Although the authorship of this short but extraordinary work had never been firmly attributed to Carlo Gesualdo, Prince of Venosa, it is generally programmed as one of his works. If it is, it is the only keyboard work of a composer principally known for his highly expressive Mannerist madrigals and darkly hued sacred works. The canzon has one of the most rigorous forms of late Renaissance keyboard works, a piece in strict contrapuntal style and structured in several sections. The Canzon del Principe conforms to such a description, but is especially remarkable for its extreme dissonance, chromaticism, and unexpected harmonic progressions, effects that it has been suggested could only have been associated in Gesualdo's mind with the archicembalo, a keyboard instrument with six manuals and 31 keys to each octave, and capable of playing all the diatonic, chromatic, and enharmonic notes known to ancient Greek theory.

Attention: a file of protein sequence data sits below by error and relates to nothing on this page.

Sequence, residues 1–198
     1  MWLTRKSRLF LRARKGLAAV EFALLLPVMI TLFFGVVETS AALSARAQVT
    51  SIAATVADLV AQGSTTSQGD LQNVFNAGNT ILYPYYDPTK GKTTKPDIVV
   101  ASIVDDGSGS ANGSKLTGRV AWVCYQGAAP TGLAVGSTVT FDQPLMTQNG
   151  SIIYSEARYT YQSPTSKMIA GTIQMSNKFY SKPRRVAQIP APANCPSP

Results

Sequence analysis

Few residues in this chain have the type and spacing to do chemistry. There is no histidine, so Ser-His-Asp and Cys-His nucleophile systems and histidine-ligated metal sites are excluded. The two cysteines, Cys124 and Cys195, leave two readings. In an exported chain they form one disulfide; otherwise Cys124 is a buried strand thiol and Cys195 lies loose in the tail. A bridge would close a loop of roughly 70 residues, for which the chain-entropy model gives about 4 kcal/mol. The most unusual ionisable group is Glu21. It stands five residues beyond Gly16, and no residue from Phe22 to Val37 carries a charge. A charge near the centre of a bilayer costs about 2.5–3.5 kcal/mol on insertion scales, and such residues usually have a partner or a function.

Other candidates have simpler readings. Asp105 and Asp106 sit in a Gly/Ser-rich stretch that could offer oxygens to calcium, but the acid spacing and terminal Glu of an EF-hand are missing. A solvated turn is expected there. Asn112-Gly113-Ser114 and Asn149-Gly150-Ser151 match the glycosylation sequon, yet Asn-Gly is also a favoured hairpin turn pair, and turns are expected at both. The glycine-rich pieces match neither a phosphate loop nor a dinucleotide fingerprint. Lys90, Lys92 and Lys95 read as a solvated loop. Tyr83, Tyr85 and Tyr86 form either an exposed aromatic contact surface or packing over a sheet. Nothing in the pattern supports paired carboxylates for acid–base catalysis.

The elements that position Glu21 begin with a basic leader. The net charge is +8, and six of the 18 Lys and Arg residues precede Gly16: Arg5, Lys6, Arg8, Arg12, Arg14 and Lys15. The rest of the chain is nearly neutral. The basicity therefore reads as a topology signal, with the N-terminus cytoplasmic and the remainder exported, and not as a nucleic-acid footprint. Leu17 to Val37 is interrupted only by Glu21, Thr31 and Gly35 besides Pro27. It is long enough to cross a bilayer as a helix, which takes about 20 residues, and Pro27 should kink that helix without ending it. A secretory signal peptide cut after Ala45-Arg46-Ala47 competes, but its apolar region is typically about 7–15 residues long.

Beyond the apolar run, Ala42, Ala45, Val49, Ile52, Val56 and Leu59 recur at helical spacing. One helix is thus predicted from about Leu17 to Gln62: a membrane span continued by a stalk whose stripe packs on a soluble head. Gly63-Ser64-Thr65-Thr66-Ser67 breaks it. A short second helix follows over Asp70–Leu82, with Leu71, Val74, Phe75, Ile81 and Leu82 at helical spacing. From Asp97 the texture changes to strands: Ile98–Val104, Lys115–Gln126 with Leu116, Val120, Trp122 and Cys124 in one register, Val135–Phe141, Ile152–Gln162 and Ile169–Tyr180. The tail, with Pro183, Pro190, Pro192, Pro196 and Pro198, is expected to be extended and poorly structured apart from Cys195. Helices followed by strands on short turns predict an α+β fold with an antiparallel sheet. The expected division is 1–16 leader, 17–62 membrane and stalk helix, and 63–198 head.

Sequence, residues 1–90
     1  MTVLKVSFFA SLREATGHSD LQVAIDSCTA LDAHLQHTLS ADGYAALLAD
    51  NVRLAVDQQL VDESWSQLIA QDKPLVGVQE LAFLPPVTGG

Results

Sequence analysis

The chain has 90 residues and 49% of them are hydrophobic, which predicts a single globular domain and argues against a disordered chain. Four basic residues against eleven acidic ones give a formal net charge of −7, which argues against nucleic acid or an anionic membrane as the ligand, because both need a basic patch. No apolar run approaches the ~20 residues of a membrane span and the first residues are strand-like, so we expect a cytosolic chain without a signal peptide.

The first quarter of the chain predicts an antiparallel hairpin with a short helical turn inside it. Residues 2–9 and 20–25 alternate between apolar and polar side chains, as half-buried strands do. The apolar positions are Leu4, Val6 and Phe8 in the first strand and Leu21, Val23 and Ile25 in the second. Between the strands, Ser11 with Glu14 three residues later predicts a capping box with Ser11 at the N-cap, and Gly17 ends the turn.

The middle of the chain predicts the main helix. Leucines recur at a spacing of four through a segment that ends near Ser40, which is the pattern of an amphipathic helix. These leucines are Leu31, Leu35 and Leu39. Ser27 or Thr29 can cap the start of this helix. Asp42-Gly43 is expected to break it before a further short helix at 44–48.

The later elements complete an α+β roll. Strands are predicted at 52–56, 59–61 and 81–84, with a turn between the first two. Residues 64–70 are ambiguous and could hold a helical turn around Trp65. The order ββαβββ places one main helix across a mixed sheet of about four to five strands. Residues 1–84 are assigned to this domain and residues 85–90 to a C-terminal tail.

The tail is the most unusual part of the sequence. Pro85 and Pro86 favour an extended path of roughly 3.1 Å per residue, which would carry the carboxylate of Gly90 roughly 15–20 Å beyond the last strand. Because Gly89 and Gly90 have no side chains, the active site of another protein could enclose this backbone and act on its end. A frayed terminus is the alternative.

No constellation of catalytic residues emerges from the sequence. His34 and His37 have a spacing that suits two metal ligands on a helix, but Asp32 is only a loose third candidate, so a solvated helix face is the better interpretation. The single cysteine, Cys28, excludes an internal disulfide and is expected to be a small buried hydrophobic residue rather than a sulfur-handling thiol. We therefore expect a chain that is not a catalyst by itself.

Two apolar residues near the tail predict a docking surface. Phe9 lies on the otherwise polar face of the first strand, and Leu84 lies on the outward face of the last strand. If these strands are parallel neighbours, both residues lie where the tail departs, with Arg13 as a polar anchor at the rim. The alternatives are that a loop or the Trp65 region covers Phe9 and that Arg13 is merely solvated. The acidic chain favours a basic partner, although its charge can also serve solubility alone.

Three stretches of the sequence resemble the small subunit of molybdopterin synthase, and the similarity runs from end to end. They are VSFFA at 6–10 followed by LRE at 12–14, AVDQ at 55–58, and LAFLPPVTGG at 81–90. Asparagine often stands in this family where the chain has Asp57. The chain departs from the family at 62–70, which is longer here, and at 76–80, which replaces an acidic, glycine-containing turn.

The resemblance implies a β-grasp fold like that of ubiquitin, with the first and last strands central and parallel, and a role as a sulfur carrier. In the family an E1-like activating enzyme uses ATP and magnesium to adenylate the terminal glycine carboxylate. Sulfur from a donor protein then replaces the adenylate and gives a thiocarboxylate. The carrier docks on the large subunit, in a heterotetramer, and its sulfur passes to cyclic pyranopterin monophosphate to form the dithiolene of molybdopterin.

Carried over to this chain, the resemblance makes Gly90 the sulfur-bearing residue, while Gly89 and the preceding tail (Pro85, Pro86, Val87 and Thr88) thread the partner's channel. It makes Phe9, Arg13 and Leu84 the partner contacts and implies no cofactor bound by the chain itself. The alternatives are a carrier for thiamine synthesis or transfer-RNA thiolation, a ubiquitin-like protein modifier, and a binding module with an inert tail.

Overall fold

Description by Brian Robins
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